Jesus used ‘Son of Man’ when speaking of Himself as endowed with a most solemn and sublime mission, whereas ‘your Lord’ is much more personal and intimate, and I think we can legitimately see there the motive for Catholic adults’ adult celebration of Christmas harmonizing so well with the celebrations they share with their children. The children’s joyful welcoming of Jesus is, as it were, the first flowering of their family’s Catholic faith; the parents’ peaceful awareness and humble yet hopeful anticipation of their Lord’s coming into their own loving hearts and watchful minds are more mature and more beautiful blossoms of true faith; the Second and universally public Coming of the Son of Man, however, will herald the ultimate fulfilment of all their hopes and aspirations arising from Jesus’ saving Death, Resurrection and Ascension and evoke the utmost love and glory for His Most Holy Name that saved mankind can offer.
Our second reading from St. Paul’s letter to the Romans is most apposite for adults in their con-celebration -- along with their children -- of Christmas:
Brothers and Sisters, our salvation is nearer now than when we first believed, the night is advanced, the day is at hand. Let us then put on the armour of light, and conduct ourselves properly as in the day; let us put on the Lord Jesus Christ and make no provision for the desires of the flesh.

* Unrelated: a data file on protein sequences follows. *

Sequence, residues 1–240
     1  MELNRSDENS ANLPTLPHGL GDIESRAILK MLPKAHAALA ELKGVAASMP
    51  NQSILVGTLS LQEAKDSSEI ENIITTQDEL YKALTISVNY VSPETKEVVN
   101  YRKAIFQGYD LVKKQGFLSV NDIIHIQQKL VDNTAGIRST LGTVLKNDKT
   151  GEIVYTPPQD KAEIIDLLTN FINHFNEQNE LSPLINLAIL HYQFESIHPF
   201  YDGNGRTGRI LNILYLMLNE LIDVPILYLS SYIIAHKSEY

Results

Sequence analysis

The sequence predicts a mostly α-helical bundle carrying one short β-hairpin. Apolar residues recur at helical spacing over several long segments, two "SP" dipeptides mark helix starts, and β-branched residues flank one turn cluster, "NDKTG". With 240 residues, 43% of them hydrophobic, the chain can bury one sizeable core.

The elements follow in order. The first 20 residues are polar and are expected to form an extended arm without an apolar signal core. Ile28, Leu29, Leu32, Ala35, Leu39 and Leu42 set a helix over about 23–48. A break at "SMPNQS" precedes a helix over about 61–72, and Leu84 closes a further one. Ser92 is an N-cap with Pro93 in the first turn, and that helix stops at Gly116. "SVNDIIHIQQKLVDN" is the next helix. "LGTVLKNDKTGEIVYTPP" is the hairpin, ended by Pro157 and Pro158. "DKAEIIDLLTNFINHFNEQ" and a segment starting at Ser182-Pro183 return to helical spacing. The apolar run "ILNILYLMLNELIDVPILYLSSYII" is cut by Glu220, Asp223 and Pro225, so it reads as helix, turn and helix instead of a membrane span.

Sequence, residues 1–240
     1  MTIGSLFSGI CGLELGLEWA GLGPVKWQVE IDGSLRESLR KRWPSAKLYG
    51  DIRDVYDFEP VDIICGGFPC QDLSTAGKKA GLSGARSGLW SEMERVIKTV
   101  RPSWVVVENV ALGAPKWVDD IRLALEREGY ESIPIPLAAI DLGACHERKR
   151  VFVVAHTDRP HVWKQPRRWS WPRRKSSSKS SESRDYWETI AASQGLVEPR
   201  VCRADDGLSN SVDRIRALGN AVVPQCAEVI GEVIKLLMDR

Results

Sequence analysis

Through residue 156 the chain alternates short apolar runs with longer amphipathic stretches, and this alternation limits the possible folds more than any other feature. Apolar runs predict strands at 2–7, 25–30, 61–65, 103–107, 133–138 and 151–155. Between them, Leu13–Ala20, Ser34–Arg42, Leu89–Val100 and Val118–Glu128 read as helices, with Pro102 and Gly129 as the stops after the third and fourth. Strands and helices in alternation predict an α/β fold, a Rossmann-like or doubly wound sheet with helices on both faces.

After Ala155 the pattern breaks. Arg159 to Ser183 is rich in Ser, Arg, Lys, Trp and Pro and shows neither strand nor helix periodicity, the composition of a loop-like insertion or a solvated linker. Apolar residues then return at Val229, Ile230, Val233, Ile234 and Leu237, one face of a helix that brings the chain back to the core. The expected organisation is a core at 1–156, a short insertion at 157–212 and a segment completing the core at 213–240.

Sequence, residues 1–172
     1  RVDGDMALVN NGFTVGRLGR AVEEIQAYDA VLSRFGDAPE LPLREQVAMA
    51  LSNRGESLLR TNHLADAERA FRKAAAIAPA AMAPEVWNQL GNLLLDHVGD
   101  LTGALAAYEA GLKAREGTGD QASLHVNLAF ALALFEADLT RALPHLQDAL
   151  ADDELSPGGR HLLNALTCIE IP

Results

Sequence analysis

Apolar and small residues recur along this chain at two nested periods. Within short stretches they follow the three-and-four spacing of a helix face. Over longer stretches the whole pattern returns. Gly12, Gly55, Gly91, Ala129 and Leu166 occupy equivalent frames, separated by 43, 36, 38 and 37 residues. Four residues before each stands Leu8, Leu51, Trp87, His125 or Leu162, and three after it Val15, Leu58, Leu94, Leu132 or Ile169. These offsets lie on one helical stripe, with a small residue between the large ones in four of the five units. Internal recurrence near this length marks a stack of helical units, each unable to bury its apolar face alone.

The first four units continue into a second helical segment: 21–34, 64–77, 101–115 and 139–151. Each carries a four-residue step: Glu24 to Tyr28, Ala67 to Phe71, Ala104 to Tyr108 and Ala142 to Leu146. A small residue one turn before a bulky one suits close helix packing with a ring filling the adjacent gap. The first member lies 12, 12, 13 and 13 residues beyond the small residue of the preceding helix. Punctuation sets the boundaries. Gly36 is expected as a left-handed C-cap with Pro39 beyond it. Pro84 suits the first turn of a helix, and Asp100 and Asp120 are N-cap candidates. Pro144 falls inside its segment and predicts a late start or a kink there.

And that teaching is expressed far more beautifully when the words of Isaiah from our first reading are understood in line with it:
Come, let us climb to the Lord’s mountain (lift up our hearts to Jesus), that He may instruct us in His ways, and we may walk in His paths. Come let us walk in the light of the Lord!
Dear Brothers and Sisters in Christ, Advent comes to help us prepare more fully (parents and children, not just children) for truly Christian and Catholic Christmas joy! Advent calls us to become more truly children of God (both parents and children); let us, therefore, close our present considerations by recalling today’s Alleluia antiphon:
Show us Lord Your love; and grant us Your salvation!